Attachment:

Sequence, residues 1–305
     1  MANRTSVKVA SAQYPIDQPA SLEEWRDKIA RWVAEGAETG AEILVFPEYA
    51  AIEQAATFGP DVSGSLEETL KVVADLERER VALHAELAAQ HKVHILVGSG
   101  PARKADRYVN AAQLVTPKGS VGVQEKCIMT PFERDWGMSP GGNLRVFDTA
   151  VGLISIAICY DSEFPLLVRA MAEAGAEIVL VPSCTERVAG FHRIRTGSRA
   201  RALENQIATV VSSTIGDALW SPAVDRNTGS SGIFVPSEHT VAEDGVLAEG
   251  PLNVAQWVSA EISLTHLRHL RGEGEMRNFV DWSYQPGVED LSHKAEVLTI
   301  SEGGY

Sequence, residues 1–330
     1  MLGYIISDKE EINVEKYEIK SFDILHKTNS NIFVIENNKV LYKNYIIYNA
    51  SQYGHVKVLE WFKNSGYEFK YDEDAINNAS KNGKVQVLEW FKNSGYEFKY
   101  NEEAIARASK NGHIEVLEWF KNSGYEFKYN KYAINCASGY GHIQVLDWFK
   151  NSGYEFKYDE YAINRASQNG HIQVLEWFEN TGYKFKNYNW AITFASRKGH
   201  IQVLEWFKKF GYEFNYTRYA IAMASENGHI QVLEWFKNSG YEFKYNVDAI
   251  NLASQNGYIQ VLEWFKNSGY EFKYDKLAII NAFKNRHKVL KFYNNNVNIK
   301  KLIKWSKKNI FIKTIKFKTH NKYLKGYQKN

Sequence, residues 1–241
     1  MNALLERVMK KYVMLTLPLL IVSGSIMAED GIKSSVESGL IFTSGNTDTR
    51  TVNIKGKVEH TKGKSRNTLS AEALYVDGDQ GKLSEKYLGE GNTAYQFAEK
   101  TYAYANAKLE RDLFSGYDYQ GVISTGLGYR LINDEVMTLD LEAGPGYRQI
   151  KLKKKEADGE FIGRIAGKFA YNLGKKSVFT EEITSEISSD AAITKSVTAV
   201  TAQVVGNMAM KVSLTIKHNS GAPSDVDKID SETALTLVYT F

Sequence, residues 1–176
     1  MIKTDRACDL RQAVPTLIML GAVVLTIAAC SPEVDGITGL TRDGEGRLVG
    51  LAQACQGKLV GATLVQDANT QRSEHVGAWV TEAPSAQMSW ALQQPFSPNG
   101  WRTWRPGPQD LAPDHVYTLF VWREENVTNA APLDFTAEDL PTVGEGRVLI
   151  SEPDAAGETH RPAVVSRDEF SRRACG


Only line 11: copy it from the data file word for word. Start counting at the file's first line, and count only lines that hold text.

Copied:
    51  SQYGHVKVLE WFKNSGYEFK YDEDAINNAS KNGKVQVLEW FKNSGYEFKY